I’ve been asked to talk briefly about the manner in which the insurance reform package left the Michigan House of Representatives, and to give an update as to its status in the Michigan Senate.
House Bills 4244, 4844, 5020, and 5144-5151 were passed out of the House on what was essentially a partisan vote (most Democrats voting for, Republicans mostly opposed) in the early Fall. The bills were referred to the Committee on Economic Development and Regulatory Reform in the Michigan Senate. My staff has communicated with the staff of the committee’s chairman, Sen. Alan Sanborn, and we have been advised that the bills will not be taken up by the Senate committee, which means that the issue is likely dead for this legislature.
To my mind, it is a shame these bills moved in such a poor state. I think there was a middle ground that could have been reached on the issue which might have led to an improved policy. Unfortunately, policy took a backseat to politics and there was no opportunity given for compromise.
When the bills were voted on by the House, I issued a strongly-worded press release as Republican Leader in the House chastising both the actions of the Insurance Commissioner, Butch Hollowell, and the House Democrats in moving bills that were so one-sided they virtually gauranteed no action in the Republican-led Senate. Let me address each one of these comments.
On the day of the vote on the bills, my office began receiving contacts from Republican members of the House complaining that their offices had been contacted by the Office of the Insurance Advocate regarding clearly political matters, such as who the member’s key supporters and donors were, when the members conducted office hours and the names of their political opponents. My members viewed this contact as a poorly-vieled threat on the part of the Insurance Advocate’s Office, and by proxy, the Granholm Administration, to seek out political retribution on those who would oppose the Bad Faith Reform package. That this was being done on the taxpayer’s dime made the matter even more infuriating.
It should be noted that Butch Hollowell has said he knew nothing about the calls made to my members’ offices. I take him at his word, but the actions of his department had a lot to do with the attitude that House Republicans brought to this particular set of bills. But it wasn’t the only cause of that attitude.
There are several members of my caucus who would support some kind of bad faith fix. No member of my caucus, however, was willing to support the one-sided language that suddenly came from the House Committee on Insurance. I am told that we had at least one member that was working with the chair to come up with compromise language that would actually have the potential of moving in the Senate. When the bills were suddenly moved to the floor of the House, my Insurance Committee members felt like the rug had been pulled out from under them.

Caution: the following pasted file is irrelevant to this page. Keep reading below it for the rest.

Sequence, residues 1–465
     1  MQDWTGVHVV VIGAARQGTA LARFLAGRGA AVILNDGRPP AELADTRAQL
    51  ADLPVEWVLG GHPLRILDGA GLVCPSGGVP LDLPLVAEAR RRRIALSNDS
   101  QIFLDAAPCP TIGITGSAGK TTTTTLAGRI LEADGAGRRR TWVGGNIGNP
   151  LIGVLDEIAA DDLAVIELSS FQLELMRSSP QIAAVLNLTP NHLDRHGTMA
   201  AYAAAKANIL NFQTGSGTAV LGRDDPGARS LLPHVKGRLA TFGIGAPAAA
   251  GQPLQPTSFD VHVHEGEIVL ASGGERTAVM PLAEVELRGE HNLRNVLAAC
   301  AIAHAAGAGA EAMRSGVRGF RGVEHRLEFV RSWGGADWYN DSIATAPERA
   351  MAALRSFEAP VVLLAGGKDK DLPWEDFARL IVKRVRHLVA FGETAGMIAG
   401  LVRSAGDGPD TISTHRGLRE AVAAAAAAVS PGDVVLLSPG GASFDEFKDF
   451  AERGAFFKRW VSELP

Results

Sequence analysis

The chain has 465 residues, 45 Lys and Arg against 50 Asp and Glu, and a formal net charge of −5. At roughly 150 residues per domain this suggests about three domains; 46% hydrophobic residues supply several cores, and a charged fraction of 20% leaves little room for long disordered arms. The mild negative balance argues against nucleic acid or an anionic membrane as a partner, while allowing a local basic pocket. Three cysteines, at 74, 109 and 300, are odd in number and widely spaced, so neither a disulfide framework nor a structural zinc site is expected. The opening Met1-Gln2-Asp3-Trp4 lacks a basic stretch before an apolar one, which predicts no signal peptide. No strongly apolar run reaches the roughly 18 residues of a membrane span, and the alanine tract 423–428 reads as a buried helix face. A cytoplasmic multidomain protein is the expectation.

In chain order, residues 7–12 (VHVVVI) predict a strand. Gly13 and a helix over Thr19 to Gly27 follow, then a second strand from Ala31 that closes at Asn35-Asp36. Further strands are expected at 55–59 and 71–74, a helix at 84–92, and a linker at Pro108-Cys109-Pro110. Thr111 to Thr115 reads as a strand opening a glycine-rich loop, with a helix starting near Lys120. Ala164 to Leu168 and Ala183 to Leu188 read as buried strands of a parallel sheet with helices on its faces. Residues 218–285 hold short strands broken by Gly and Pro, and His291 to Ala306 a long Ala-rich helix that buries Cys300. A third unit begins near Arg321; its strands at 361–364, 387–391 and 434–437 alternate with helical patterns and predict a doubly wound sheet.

In my experience, this kind of rushed work only happens when a powerful special interest group demands some kind of action. The Justice League (or whatever the trial lawyers call themselves now) was the prime mover of this package, and I called out the House Democrats as pushing the legislation as a pay-off to trial lawyers.
Not surprisingly, I received some contacts from some fellow attorneys about my comments. Tim Smith, who blogs regularly on this site, was particularly unhappy and was kind enough to ask me to explain in this forum what happened on the ground.
In hindsight, my press release was a bit strong, but there is more than an air of truth in my comments. This package moved before its time. It did so without meaningful compromise and as a result is dead in the Senate. The fact that House Democrats moved it in this way, which is unusual, and that the Insurance Advocate’s Office was involved led me to believe at the time that the real goal of moving this package was to have political ammunition for future campaigns. I still believe that is the case today. The fact that the MAJ gave 99.73% of the $591 thousand-plus that it spent from July of ’08 to July of ’09 to Democrats isn’t lost on me either.
Someone needs to ask, is the goal here to enact real policy reform or to advance a political objective? This and other policy objectives can be achieved – again, let me stress that I have members who are willing to enact bad faith reform – if the MAJ and the insurance lobby are willing to compromise. That means both sides will need to move. In this instance, I saw those on one side of the argument pick up their toys and go home.
Thanks again to Tim Smith for the opportunity to blog, and I’m sorry for the delay in doing so.
House Republican Leader
Comments for this article are closed.